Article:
Unreal Nature

May 1, 2014

Insidious Means

Filed under: Uncategorized — unrealnature @ 5:51 am

… sound more than image has the ability to saturate and short-circuit our perception.

This is from Audio-Vision: Sound On Screen by Michel Chion (1994):

… there are at least three modes of listening, each of which addresses different objects. We shall call them causal listening, semantic listening, and reduced listening.

Causal listening, the most common, consists of listening to a sound in order to gather information about its cause (or source).

… in … more ambiguous cases far more numerous than one might think, what we recognize is only the general nature of the sound’s cause. We may say, “That must be something mechanical” (identified by a certain rhythm, a regularity aptly called “mechanical”); or, “That must be some animal” or “a human sound.” For lack of anything more specific, we identify indices, particularly temporal ones, that we try to draw upon to discern the nature of the cause.

Even without identifying the source in the sense of the nature of the causal object, we can still follow with precision the causal history of the sound itself. For example, we can trace the evolution of a scraping noise (accelerating, rapid, slowing down, etc.) and sense changes in pressure, speed, and amplitude without having any idea of what is scraping against what.

… I call semantic listening that which refers to a code or a language to interpret a message: spoken language, of course, as well as Morse and other such codes. This mode of listening, which functions in an extremely complex way, has been the object of linguistic research and has been the most widely studied. One crucial finding is that it is purely differential. A phoneme is listened to not strictly for its acoustical properties but as part of an entire system of oppositions and differences. Thus semantic listening often ignores considerable differences in pronunciation (hence in sound) if they are not pertinent differences in the language in question.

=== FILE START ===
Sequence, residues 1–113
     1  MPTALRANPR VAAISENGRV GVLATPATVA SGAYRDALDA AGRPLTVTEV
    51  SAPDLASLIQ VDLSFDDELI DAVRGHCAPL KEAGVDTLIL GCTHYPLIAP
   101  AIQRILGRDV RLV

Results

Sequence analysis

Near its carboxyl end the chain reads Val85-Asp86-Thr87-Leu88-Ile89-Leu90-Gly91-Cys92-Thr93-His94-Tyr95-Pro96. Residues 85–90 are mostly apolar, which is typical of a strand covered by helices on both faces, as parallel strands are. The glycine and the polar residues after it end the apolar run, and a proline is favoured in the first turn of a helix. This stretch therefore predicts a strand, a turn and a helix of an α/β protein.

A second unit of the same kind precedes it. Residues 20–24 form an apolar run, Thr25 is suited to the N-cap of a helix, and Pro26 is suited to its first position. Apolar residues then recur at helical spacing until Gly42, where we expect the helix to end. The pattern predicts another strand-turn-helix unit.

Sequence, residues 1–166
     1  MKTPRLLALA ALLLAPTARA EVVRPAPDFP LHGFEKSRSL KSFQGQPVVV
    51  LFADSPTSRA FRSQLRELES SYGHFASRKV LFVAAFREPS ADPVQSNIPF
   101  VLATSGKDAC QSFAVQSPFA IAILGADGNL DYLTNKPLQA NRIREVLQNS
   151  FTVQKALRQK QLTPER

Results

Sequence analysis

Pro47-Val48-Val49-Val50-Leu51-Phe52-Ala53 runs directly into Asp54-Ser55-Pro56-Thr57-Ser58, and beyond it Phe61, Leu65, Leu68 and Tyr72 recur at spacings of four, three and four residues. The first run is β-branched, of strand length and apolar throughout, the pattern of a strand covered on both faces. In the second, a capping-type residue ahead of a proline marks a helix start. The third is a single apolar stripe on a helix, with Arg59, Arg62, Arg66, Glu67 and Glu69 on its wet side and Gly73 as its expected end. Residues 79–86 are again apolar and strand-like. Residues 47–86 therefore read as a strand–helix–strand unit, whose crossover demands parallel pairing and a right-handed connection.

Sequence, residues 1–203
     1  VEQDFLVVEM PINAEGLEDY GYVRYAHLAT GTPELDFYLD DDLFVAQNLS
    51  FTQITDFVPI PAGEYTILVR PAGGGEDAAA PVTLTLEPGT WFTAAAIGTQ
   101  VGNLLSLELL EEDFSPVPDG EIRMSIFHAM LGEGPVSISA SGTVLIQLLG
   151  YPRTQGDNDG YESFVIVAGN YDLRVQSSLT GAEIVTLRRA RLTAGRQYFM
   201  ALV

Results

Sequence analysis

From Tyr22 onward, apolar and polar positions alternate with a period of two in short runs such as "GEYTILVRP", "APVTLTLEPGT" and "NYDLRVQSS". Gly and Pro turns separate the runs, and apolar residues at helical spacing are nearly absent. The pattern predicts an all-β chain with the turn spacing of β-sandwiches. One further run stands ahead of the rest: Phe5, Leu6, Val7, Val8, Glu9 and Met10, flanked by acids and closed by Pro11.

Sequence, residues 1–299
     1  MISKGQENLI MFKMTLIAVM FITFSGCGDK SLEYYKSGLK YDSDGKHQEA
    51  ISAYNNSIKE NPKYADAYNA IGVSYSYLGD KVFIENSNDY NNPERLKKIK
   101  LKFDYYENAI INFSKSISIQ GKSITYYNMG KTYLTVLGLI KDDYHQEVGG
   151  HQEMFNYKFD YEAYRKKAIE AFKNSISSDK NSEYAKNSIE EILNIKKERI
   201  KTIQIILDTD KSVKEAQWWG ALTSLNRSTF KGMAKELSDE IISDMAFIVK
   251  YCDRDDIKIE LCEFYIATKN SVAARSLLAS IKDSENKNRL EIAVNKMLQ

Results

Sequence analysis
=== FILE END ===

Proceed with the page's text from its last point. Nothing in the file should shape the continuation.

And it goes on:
Pierre Schaeffer gave the name reduced listening to the listening mode that focuses on the traits of the sound itself, independent of its cause and of its meaning. Reduced listening takes the sound — verbal, played on an instrument, noises, or whatever — as itself the object to be observed instead of as a vehicle for something else.

A session of reduced listening is quite an instructive experience. Participants quickly realize that in speaking about sounds they shuttle constantly between a sound’s actual content, its source, and its meaning. They find out that it is no mean task to speak about sounds in themselves, if the listener is forced to describe them independently of any cause, meaning, or effect.

… Reduced listening is an enterprise that is new, fruitful, and hardly natural. It disrupts established lazy habits and opens up a world of previously unimagined questions for those who try it. Everybody practices at least rudimentary forms of reduced listening. When we identify the pitch of a tone or figure out an interval between two notes, we are doing reduced listening; for pitch is an inherent characteristic of sound, independent of the sound’s cause or the comprehension of its meaning.